I own a Euroarms Remington. It doesn't feel clubby in my small hand like the other two makers' Rems. But most men seem to want the larger frames. The Colts are more elegant -- though the Rem is quite streamlined -- but that wedge drove me nuts and so I sold my Colts.

Delmar
October 19, 2010, 05:54 PM
I know most people seem to feel that the Colt is better looking but I disagree. I think my 1858 Peitta Is the prettiest gun I have ever seen. Also I have never had a problem with the caps jamming in my Remmie. I can't say that about my Uberti 1851.

the Black Spot
October 20, 2010, 08:24 AM
i shot the '60 colt for 24 years, got my first rem this year. i would take the rem over the colt.

Fiv3
October 20, 2010, 08:57 AM
I shoot a '58 Remington pretty much exclusively just because it is so easy to take apart. I'm a BP novice, but I am in love with the hobby. That said, the open top colts just look more elegant to me.

I think my next BP purchase is going to be a big bruising Colt Walker. My '58 is my practical gun. It loads easily, cleans up nice, is packable should I want to bring an old timey firearm along on a hike. The Walker...well, the Walker is a Walker. A fire-breathing stallion that was only taken down a notch with the advent of the .357 magnum.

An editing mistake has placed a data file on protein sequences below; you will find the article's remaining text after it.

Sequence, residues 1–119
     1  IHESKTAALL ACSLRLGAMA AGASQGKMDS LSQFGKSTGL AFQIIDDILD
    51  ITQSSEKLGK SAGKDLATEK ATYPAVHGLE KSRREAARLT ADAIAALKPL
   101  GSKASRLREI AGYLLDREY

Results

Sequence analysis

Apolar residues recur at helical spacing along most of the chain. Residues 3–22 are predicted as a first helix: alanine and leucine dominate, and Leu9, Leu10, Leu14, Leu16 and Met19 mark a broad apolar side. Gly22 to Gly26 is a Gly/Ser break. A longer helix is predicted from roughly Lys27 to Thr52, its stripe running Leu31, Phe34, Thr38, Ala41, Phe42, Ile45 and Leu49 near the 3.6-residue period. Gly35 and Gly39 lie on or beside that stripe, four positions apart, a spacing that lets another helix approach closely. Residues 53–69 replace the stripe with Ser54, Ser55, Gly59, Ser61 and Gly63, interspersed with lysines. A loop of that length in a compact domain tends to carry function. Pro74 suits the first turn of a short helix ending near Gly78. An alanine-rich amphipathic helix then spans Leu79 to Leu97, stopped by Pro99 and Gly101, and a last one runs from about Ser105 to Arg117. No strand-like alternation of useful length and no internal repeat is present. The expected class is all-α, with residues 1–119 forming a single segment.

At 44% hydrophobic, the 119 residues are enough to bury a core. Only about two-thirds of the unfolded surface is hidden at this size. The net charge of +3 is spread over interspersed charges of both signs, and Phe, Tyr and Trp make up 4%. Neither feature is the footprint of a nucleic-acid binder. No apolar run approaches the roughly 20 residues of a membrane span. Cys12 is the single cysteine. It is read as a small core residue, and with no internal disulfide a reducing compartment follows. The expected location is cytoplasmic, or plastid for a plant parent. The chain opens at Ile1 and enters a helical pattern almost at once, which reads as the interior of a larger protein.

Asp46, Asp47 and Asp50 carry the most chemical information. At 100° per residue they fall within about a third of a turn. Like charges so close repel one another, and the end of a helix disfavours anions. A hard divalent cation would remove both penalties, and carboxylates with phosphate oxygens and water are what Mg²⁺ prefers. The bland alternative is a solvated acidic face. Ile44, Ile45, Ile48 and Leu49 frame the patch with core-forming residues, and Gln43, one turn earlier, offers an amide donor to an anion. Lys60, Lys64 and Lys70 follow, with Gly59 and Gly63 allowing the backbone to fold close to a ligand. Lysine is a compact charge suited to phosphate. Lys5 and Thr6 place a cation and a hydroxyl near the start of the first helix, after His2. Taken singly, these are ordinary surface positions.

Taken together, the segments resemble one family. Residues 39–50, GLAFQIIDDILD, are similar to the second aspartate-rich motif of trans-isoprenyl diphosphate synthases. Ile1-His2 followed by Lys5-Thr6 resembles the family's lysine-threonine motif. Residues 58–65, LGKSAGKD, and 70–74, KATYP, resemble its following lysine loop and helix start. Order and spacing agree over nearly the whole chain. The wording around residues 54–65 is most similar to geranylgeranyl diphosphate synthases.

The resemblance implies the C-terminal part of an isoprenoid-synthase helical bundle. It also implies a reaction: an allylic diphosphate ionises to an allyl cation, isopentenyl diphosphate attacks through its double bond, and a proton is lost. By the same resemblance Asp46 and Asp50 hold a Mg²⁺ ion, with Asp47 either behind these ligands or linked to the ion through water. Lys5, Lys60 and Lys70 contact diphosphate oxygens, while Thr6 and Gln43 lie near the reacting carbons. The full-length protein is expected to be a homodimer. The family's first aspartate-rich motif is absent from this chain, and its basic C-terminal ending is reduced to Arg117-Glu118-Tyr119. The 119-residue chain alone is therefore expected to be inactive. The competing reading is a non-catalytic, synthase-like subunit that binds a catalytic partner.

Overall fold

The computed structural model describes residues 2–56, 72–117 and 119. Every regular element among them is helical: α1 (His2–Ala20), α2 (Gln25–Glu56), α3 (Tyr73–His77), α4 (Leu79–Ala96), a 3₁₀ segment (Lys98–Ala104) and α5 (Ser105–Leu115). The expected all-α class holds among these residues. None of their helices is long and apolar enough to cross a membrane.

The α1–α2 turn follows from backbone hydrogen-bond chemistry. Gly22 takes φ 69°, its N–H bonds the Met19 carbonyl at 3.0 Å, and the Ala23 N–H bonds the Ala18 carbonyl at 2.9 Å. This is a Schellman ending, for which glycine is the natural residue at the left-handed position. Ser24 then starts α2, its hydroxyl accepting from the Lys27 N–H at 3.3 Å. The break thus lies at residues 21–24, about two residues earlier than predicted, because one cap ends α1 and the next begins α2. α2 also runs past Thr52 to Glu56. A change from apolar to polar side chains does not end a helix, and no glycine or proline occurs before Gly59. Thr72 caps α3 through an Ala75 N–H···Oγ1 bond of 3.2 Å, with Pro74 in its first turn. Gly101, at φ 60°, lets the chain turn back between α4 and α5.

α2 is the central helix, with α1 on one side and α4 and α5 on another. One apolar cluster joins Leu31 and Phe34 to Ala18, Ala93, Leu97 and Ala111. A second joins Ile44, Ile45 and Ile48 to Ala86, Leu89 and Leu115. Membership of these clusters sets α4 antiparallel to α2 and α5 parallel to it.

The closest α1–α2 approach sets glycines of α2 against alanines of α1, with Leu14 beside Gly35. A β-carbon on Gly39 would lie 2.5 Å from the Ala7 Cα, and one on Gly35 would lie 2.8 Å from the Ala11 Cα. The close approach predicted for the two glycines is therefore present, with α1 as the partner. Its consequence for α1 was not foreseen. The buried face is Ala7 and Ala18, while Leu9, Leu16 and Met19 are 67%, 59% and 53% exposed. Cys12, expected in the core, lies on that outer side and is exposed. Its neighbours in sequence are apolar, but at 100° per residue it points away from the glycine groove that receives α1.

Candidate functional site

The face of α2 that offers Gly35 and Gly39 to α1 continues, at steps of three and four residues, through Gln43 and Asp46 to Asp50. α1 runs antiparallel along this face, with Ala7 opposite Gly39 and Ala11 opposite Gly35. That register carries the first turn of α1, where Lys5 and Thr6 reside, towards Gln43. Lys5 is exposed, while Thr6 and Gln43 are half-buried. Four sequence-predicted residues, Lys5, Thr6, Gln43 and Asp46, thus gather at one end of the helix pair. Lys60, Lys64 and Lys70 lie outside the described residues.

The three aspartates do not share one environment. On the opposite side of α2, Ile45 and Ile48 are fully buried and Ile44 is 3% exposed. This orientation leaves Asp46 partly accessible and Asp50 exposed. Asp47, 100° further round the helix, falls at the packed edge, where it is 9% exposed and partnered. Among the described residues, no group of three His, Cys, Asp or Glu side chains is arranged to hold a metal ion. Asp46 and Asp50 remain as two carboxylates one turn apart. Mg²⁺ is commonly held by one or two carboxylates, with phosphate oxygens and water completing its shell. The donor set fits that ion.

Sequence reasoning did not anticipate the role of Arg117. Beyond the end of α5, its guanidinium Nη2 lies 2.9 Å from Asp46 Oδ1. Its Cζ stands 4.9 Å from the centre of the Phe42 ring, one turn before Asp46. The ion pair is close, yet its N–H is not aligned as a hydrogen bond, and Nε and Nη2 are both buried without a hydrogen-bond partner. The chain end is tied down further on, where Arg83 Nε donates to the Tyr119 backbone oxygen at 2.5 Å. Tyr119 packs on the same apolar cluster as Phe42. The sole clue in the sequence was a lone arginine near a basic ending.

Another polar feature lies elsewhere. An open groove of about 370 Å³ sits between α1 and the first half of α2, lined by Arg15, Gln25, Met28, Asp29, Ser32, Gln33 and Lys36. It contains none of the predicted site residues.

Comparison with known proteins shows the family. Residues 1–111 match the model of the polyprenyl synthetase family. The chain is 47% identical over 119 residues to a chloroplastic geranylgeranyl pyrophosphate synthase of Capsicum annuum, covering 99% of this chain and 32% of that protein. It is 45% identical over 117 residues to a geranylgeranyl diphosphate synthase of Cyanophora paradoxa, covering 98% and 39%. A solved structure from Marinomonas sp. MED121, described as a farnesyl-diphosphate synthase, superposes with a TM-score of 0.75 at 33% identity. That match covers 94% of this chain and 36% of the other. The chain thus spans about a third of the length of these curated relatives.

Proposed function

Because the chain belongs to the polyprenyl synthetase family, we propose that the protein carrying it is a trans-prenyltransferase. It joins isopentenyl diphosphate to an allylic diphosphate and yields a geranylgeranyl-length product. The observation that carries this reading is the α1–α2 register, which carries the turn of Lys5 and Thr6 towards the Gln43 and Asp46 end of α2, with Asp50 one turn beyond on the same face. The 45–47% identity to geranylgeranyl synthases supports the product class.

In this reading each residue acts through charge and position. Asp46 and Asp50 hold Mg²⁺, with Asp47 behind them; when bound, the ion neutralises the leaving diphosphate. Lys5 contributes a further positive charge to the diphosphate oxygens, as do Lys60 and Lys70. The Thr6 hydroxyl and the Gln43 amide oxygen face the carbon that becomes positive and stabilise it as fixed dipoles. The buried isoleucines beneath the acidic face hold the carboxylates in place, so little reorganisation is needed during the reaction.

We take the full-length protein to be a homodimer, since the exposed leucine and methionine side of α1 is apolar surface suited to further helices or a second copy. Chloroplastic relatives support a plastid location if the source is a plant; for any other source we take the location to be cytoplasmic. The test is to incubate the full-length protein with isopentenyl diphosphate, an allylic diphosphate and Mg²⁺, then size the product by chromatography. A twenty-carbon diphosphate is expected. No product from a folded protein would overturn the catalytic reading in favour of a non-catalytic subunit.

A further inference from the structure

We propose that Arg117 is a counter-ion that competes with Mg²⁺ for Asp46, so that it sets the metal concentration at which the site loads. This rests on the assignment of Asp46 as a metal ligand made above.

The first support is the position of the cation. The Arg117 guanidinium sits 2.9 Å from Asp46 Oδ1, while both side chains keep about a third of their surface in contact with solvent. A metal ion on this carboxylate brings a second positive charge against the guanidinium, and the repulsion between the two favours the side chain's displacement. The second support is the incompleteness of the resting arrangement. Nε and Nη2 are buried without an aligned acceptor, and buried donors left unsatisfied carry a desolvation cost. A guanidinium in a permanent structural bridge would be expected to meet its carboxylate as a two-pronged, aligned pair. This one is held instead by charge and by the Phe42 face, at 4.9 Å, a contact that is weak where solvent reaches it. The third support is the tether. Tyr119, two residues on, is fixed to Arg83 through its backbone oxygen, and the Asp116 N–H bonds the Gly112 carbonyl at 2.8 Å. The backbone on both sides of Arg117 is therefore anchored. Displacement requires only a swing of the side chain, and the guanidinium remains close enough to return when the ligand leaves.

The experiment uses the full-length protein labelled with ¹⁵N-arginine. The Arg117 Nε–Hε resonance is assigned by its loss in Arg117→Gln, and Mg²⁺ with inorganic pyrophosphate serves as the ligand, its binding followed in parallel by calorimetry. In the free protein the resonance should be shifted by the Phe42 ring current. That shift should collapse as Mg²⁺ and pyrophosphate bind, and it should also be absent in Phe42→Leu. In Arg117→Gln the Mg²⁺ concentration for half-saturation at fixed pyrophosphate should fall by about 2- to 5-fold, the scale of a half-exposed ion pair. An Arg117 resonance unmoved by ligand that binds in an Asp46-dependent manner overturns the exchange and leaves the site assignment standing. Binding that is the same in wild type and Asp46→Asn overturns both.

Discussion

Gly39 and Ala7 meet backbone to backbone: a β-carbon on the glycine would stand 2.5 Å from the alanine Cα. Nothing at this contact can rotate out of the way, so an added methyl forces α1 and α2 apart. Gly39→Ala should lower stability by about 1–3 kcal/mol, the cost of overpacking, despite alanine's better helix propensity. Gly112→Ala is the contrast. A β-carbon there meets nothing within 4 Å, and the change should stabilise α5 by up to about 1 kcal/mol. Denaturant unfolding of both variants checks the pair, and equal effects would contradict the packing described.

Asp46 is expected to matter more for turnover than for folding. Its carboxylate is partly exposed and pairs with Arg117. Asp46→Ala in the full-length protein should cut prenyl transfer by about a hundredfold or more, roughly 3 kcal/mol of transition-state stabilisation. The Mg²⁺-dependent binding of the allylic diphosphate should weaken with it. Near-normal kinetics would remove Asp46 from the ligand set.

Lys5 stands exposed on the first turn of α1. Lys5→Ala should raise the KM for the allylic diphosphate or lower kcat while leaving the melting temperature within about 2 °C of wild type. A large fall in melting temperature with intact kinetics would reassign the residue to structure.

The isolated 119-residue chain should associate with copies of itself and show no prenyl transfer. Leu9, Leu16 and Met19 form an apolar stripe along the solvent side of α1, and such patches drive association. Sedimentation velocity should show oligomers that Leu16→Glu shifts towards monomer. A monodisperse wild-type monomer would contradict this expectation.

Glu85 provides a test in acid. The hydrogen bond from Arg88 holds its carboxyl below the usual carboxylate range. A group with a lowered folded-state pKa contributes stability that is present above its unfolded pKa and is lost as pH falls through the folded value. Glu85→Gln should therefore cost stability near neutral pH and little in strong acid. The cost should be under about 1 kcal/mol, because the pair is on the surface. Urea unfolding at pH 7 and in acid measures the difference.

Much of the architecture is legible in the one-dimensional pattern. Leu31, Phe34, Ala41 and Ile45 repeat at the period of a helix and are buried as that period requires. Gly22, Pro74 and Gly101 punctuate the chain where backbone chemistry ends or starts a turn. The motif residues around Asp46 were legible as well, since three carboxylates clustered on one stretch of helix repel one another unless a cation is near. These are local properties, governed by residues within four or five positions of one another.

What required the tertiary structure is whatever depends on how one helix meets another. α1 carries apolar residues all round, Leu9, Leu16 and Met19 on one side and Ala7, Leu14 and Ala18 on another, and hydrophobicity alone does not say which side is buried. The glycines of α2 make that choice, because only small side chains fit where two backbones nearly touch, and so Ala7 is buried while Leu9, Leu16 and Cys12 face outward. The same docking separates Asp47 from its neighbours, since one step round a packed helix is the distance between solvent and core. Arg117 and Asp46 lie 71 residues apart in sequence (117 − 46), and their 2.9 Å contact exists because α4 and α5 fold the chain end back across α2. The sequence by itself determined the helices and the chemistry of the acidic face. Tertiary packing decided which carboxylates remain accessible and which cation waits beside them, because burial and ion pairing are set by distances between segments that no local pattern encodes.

I think it represents an important part of firearms history...and it's just gorgeous:)

HisSoldier
October 30, 2010, 10:35 PM
The top strap definitely make for a stronger revolver, obviously no major maker followed Colts lead after the top strap became common, and for good reasons.

Looks are subjective, some feel as I do that the Colt doesn't look as good as the Remington. I like the look of good design, the Colt doesn't look like a well designed gun to me.

Others don't agree. :)

kadima
November 9, 2010, 05:58 AM
I subscribe to item #9 of mrappe post.

Design of the 1858 is simpler than the Colt, less pieces and screws. I doubt a revolver could be designed with less parts...

K.

Smokin_Gun
November 9, 2010, 06:18 AM
Best Rev for a First time buyer/shooter and also the best Rev out of the bunch. Less or Zero work out of the box or used.
A thing of beauty, highly accurate with out a lot of work on um or maintenance. Feel great to hold duelist or two hand stance. Hold bigger loads and much more robust than a Colt. Better site picture with out having too file a hammer site open more to see thru.
I think the 1860 Colts are the purdiest Revs out there and I have a few of them and like or love um, but i jus' love Rems a lil' more ;O)
Get a Remington you won't be sorry.
:cool: